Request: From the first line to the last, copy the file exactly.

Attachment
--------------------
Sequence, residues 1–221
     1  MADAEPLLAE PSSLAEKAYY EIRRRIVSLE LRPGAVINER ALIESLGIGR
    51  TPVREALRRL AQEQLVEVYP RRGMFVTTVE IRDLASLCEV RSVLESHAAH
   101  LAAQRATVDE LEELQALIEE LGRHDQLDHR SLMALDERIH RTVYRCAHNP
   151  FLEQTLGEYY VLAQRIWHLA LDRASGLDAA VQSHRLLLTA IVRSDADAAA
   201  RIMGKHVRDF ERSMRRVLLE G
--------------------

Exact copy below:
Sequence, residues 1–221
     1  MADAEPLLAE PSSLAEKAYY EIRRRIVSLE LRPGAVINER ALIESLGIGR
    51  TPVREALRRL AQEQLVEVYP RRGMFVTTVE IRDLASLCEV RSVLESHAAH
   101  LAAQRATVDE LEELQALIEE LGRHDQLDHR SLMALDERIH RTVYRCAHNP
   151  FLEQTLGEYY VLAQRIWHLA LDRASGLDAA VQSHRLLLTA IVRSDADAAA
   201  RIMGKHVRDF ERSMRRVLLE G